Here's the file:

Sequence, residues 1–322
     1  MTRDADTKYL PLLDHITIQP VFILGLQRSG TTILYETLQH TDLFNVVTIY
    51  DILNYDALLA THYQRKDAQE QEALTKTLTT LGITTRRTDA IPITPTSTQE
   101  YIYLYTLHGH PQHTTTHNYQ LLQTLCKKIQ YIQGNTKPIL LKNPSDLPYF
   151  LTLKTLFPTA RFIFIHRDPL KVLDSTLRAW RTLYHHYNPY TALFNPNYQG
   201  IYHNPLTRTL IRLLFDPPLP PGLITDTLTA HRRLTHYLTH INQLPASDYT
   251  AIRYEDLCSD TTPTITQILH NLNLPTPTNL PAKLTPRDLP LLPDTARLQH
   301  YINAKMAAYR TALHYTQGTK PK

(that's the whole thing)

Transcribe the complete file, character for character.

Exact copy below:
Sequence, residues 1–322
     1  MTRDADTKYL PLLDHITIQP VFILGLQRSG TTILYETLQH TDLFNVVTIY
    51  DILNYDALLA THYQRKDAQE QEALTKTLTT LGITTRRTDA IPITPTSTQE
   101  YIYLYTLHGH PQHTTTHNYQ LLQTLCKKIQ YIQGNTKPIL LKNPSDLPYF
   151  LTLKTLFPTA RFIFIHRDPL KVLDSTLRAW RTLYHHYNPY TALFNPNYQG
   201  IYHNPLTRTL IRLLFDPPLP PGLITDTLTA HRRLTHYLTH INQLPASDYT
   251  AIRYEDLCSD TTPTITQILH NLNLPTPTNL PAKLTPRDLP LLPDTARLQH
   301  YINAKMAAYR TALHYTQGTK PK